On and off for the past year I’ve been reading Sherlock Holmes, The Complete Novels and Stories by Sir Arthur Conan Doyle. To put it mildly, I love Sherlock Holmes. I’m positive that Sherlock wouldn’t have had any of the same admiration towards me that I have for him, as he is incredibly sexist and thinks little of women and their ability. Nevertheless, I’m still obsessed.
I’ve watched movies and TV shows about Sherlock (I LOVE Benedict Cumberbatch in Sherlock almost as much as I love the original character of Sherlock) and can’t say that I’ve seen anyone more convincing than Jeremy Brett as a TV or film version of Sherlock Holmes and who he truly is as the original character created by Doyle (until recently, when Benedict Cumberbatch took on the role in BBC’s Sherlock).
What I love the most about Sherlock Holmes is hard to pinpoint, but I love that he is completely confident in his abilities and knows exactly what they are. Sherlock can come off as condescending, arrogant, and haughty, but he knows exactly what he is capable of and what he observes the people around him to be capable of. Therein lies the true remarkableness of Sherlock Holmes.
“He loved to lie in the very centre of five millions of people, with his filaments stretching out and running through them, responsive to every little rumour or suspicion of unsolved crime. Appreciation of nature found no place among his many gifts, and his only change was when he turned his mind from the evildoer of the town to track down his brother of the county.” –John Watson, page 663, “The Resident Patient”
I grew up shy, unsure of myself, and insecure. Until I stumbled upon different abilities that let me express myself and assured me that I had potential, I wasn’t quite sure what to make of myself. Track gave me a place to feed my ego. I was good, showed promise, and surprised myself and the people around me. Despite what seemed like never ending health setbacks, I felt like I had found a home.
Humor is another avenue I explored a lot and discovered to be a form of expression that came more and more naturally to me. When I was in elementary school, I would sit and listen to adult conversations and try to come up with one-liners, puns, jokes, anything that I thought might be funny (most of the time it wasn’t, but I tried). Now I find that I (and sometimes others) enjoy my wit and sense of humor. Seriously, if we can’t amuse ourselves and laugh at our own jokes, who will?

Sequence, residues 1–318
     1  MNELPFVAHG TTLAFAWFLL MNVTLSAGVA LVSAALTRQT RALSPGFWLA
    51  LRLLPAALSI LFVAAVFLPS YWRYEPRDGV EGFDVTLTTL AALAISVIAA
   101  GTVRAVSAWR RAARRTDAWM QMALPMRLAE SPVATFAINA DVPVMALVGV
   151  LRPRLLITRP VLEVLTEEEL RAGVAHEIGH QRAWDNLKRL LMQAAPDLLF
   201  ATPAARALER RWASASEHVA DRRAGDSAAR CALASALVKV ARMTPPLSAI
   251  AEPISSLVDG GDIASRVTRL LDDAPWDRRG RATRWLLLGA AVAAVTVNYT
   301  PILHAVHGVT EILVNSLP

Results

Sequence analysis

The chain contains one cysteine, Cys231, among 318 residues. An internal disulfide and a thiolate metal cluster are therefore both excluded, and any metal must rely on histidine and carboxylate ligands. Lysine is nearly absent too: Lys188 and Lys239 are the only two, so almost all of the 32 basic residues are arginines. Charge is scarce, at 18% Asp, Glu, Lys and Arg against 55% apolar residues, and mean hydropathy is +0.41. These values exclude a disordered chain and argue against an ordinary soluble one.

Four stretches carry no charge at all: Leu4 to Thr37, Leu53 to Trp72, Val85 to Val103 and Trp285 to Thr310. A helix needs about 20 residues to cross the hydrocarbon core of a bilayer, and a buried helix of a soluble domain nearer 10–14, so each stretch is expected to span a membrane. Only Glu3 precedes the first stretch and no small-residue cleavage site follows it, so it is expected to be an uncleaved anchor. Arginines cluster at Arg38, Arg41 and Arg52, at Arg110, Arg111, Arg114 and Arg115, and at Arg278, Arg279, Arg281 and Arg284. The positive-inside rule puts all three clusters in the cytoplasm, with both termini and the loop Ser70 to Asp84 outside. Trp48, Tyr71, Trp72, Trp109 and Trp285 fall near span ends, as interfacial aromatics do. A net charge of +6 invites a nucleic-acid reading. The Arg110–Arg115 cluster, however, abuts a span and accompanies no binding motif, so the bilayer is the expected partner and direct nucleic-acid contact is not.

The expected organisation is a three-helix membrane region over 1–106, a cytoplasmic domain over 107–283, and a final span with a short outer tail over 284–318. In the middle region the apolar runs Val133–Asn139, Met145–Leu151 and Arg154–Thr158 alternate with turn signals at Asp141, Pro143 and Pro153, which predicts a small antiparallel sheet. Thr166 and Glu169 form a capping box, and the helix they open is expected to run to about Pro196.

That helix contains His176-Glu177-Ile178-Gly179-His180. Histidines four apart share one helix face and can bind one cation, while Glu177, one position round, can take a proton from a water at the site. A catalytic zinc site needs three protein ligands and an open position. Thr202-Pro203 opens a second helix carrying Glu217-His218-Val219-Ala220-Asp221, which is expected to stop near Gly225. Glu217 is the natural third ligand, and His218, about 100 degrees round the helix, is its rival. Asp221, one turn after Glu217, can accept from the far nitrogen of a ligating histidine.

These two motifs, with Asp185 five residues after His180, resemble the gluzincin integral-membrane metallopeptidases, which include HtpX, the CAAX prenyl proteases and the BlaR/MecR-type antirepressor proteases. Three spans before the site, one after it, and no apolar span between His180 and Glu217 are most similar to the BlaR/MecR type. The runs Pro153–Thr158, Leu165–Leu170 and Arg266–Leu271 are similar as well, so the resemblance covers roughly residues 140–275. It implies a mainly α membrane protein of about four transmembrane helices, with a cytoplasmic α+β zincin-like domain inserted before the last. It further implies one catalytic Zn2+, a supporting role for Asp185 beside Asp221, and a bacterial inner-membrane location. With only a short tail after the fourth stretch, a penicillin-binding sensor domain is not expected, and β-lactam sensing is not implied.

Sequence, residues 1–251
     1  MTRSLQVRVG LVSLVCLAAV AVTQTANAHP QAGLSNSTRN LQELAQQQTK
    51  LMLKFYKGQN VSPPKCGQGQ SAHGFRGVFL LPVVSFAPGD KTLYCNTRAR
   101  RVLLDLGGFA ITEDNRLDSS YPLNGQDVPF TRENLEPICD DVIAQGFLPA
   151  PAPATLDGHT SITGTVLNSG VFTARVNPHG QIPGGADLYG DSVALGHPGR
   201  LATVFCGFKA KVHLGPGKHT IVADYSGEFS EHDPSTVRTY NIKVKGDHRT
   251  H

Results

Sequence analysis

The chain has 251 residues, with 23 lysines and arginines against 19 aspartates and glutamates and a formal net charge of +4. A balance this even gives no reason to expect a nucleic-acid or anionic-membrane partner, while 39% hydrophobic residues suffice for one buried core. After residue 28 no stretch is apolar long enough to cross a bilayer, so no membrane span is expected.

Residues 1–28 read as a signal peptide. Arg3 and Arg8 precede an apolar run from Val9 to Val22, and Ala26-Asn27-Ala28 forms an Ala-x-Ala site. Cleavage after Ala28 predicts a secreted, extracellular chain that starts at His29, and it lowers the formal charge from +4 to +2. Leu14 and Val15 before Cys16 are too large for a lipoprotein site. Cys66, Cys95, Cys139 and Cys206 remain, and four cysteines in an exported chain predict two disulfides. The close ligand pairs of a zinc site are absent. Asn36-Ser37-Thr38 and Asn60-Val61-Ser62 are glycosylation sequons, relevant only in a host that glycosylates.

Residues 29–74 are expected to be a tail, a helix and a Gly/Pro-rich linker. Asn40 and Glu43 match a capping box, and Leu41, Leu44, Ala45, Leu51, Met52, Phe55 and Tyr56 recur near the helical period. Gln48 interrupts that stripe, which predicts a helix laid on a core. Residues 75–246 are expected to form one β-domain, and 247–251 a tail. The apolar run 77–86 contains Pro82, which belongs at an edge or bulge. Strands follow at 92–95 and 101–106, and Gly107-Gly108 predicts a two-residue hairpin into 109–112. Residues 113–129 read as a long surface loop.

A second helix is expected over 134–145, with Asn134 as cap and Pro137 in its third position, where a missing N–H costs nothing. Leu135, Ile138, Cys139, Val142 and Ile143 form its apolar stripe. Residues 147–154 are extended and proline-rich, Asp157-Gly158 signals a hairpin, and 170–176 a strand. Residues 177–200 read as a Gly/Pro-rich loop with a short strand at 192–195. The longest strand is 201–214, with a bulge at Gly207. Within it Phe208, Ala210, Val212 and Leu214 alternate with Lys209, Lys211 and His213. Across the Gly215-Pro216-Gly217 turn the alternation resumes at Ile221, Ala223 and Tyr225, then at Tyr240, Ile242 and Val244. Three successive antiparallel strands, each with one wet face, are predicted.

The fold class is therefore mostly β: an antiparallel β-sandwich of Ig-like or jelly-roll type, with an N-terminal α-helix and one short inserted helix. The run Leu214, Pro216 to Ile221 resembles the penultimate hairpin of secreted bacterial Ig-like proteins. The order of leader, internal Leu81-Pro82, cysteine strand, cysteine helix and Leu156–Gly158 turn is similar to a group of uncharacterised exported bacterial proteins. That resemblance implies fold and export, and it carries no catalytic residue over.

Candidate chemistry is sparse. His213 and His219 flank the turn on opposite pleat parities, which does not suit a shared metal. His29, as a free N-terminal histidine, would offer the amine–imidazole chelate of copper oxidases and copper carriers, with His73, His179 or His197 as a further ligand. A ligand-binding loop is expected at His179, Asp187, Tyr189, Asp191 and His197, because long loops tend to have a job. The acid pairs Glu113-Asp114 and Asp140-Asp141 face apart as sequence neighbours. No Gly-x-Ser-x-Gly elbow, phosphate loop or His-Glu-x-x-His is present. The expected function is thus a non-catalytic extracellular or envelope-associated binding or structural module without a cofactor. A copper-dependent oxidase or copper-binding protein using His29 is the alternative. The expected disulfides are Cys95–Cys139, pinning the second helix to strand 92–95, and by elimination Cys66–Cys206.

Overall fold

And of course, writing. Writing is a hard-earned skill I developed most significantly in high school. So many papers were met with low grades and requests to “expand” and answer “why?”. My freshman year meant realizing that I couldn’t just say something and not have any evidence to support it.
I say all this because I think it’s important to be egotistical and confident in our abilities. You shouldn’t be self-absorbed to the point of being ignorant or delusional, but rather in tune with your abilities and shortcomings so you know how to best utilize and maximize them. When I don’t feel good about myself, I can either look through the perspective of motivating myself in spite of defeat, or just let myself step back and know when I’ve reached my limits.
“’My dear Watson,’ said he, ‘I cannot agree with those who rank modesty among the virtues. To the logician all things should be seen exactly as they are, and to underestimate one’s self is as much a departure from truth as to exaggerate one’s own powers. When I say, therefore, that Mycroft has better powers of observation than I, you may take it that I am speaking the exact and literal truth.’” –Sherlock Holmes, page 683, “The Greek Interpreter”
Other quotes (trust me, I have more):
“Sherlock Holmes had listened to this long narrative with an intentness which showed me that his interest was keenly aroused. His face was as impassive as every, but his lids had drooped more heavily over his eyes, and his smoke had curled up more thickly from his pipe to emphasize each curious episode in the doctor’s tale.” P. 673
“Art in the blood is viable to take the strangest forms.” P.683